Icy pavements and roads can be very slippery and cold weather can stop people from getting out and about. Keep in touch with your friends, neighbours and family and ask if they need any practical help, or if they’re feeling under the weather.

Make sure they’re stocked up with enough food supplies for a few days, in case they can’t go out. If they do need to go out in the cold, encourage them to wear shoes with a good grip and a scarf around the mouth to protect them from the cold air, and to reduce their risk of chest infections.

And make sure they get any prescription medicines before the Christmas holidays start and if bad weather is forecast.

If they need help over the holiday period when the GP practice or pharmacy is closed or they’re not sure what to do, NHS 111 can help. The service is available online at and also by phone. By answering questions about their health problem they will be told what to do and where to go.

NHS Volunteer Responders

NHS Volunteer Responders offer help to people who are self-isolating because they have COVID-19, or because they are avoiding public places because of this virus. If you don’t have other support you can get help for a four-week period to collect your shopping and prescriptions or to top up your energy meter (please note that you will need to pay for the shopping and energy credit). You can also arrange for a volunteer to ring up for a friendly chat. If you need help call 0808 196 3646.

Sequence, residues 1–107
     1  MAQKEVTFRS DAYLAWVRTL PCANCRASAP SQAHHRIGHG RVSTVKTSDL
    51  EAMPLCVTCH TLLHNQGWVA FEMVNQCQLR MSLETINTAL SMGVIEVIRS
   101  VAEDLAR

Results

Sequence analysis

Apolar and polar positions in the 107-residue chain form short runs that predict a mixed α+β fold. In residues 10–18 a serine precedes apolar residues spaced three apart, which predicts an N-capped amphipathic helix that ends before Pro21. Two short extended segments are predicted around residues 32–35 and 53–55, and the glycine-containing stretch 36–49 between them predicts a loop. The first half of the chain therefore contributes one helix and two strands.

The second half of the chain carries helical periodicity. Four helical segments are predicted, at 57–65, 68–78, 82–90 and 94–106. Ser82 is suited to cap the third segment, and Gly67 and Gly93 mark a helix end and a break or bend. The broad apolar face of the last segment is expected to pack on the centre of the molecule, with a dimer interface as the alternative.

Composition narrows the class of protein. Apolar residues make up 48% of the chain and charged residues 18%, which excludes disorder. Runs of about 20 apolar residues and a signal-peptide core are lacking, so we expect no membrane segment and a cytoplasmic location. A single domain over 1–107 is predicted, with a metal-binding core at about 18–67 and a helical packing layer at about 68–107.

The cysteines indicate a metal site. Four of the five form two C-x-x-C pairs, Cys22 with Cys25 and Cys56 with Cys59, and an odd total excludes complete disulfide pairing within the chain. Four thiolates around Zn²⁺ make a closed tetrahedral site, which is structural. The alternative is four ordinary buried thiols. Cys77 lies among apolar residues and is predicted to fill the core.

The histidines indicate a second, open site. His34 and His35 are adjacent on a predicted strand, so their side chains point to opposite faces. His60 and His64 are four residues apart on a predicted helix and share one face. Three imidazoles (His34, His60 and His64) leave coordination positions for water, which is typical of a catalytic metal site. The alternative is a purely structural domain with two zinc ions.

Six things we recommend you do:

  • Make sure you get your flu vaccination.
  • Come forward for your COVID-19 booster when offered.
  • Keep your home at 18°C (65°F) or higher if you can.
  • Take advantage of financial schemes and discounts to help you pay for heating.
  • Contact NHS 111 online or by phone if you are worried about any symptoms.
  • Look out for other people who may need a bit of extra help over the winter.

For more infomation about staying safe, healthy and warm during the winter months, read our guides on preparing for severe wintry conditions and the flu vaccination.
We're here to help you stay well this winter cover

Please exercise your common sense when considering this guide and whether to take any of the steps that may be suggested in it. Whilst we have taken reasonable care to ensure that any factual information is accurate and complete, most of the information in this guide is based on our views and opinions (and sometimes the views and opinions of the people or organisations we work with). As a result, we cannot make any promises about the accuracy or the completeness of the information and we don’t accept any responsibility for the results of your reliance on it.